As most people are dreaming of the end to the polar vortex that has been Winter 2013/2014 and the official start of Spring, I am looking a little further forward…to Spring/Summer 2015. The forecast predicts colour! Lots of vibrant, beautiful colour!
[In Spring/Summer 2015] the vibrant hues are used in a new and fresh way. They are broken up by other tones that act as anchors, tethering the brights with neutrals or dark tones.
How colours are placed in the world around us, either familiar or surprising, continues to inspire us. The intrinsic materiality of objects or things—their surfaces, their weight and density—gives rise to a unique ambience that can thrill us.
Each surface affects the colour mood: airy and fluffy, slippy and glossy, rough and flakey, foamy and matte, iridescent and glassy, luminescent and fluffy… and so. Whether it’s an ancient rock structure, an extraordinary bio-lace, a mechanical sculpture or sweet candy floss, these things fill us with new inspiration for the upcoming season.
Deep darks combine with a natural white and deep charcoal for summer. Metallics are still important: peeling golden touches and pewtery grays.
The emphasis here sits firmly with a fascination in the ancient and primordial.
A deliberate turn away from all things digital to once again re-engage with the intrinsic materials that our forebears used: clay, charcoal, brick, bone, feathers, stone, crystal, tar and wood.
The raw ingredients invoke a strong idea of texture and hue. These surfaces inspire this colour range: the imperfections, the crumbling, cracking, rusting and staining. Natural earthy and raw tones range from light to dark: carbon, slate, deep beetroot, sandstone, white, mustard and woody browns, lit with the gleaming of time-worn metals.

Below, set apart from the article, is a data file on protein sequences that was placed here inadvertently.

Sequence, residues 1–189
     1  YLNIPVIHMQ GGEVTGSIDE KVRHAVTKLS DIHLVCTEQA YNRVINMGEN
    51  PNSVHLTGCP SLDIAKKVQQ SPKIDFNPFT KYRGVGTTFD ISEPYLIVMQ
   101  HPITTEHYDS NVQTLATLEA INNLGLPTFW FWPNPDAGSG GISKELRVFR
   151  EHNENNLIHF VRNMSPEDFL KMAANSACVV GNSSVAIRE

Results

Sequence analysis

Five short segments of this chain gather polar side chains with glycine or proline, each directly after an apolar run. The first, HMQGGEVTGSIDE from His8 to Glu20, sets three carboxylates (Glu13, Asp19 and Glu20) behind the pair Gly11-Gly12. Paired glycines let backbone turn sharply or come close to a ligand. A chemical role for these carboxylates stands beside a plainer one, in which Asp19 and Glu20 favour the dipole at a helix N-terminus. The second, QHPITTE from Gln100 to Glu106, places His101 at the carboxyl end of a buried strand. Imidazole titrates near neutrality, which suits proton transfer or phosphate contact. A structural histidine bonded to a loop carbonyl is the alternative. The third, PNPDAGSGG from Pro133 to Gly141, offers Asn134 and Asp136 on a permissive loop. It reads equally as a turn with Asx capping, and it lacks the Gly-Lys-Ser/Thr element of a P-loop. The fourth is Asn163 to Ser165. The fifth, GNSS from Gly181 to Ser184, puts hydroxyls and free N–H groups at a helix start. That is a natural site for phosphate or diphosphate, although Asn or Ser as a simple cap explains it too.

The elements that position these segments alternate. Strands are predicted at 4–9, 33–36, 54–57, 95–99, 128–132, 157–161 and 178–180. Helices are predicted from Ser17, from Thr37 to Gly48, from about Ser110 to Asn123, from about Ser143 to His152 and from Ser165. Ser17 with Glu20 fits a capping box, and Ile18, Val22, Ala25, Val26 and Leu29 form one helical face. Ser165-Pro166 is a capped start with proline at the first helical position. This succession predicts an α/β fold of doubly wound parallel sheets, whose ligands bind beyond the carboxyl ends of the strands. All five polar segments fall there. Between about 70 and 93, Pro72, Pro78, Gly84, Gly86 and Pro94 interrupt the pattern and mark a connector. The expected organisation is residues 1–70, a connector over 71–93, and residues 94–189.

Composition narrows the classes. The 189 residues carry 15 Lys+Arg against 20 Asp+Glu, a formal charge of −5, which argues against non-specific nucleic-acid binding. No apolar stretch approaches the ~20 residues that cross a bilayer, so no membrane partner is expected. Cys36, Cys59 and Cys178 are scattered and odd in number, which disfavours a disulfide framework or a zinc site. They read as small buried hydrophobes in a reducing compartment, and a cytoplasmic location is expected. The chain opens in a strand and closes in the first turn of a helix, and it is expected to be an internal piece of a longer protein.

This is a palette of fun and strong primaries. The brights work clearly with black and white and are to be played with in a theatrical fashion. There is nothing shy and retiring about the colours; they add drama and communicate directly.
Constructivist-based learning encourages education through hands-on, experiential, and task-based discovery. Thus our collection of brights promotes a direct and honest approach. The innocent and high-spirited appearance belies the sophisticated and sometimes highly technical aspects.
Man-made wonders—wheels, mechanisms, and intricate components—are sometimes colour coded to communicate sophisticated data, or joyously coloured in a spirit of sheer exuberance! Used in the right combinations, these colours are perfect for graphic shapes and powerful abstract expressions.
This collection of gentle tints and sharper brights flicker and dance, creating the impression of movement. The sensory collection of colours is both soft and vibrant, as images blur in and out of focus. Colours transcend through intense sharpness and muted softness via the layers of movement: hot apricot orange, fuchsia, milky green balanced with soft tints of blue, pink and peach. An olivey green grounds the palette.
Surprise vibrant hues burst forth and then melt away, leaving behind diluted and reduced tints. It’s about creating a slight nuance or hazy impression of what was before.
Blues have been so important—and we see them continuing for this Summer season. In this palette they make friends with succulent greens, a soft yellow and some soft tinted pales. The colours all have a strong relationship with each other and sit together in a harmonious style.
Our shared need to conserve, protect and safeguard is reflected in this palette. The images reflect a continuing focus on environmental issues and the value we place upon cherished resources. Artists and designers reflect these topics. Colours are simple, universal, elemental, but the way in which they are used inspires: flowing, floating, drifting, blending and budding, producing uplifting and elevating effects.
Art meets science, with borders continually crossed as bioprocesses and conceptual thinking meld to yield living textiles, epidermal electronics and bacteria/algae products. Replicating nature is channeling some extraordinary results, with natural tones very much under the spotlight.
I cannot quite decide which is my favourite of the four. Can you?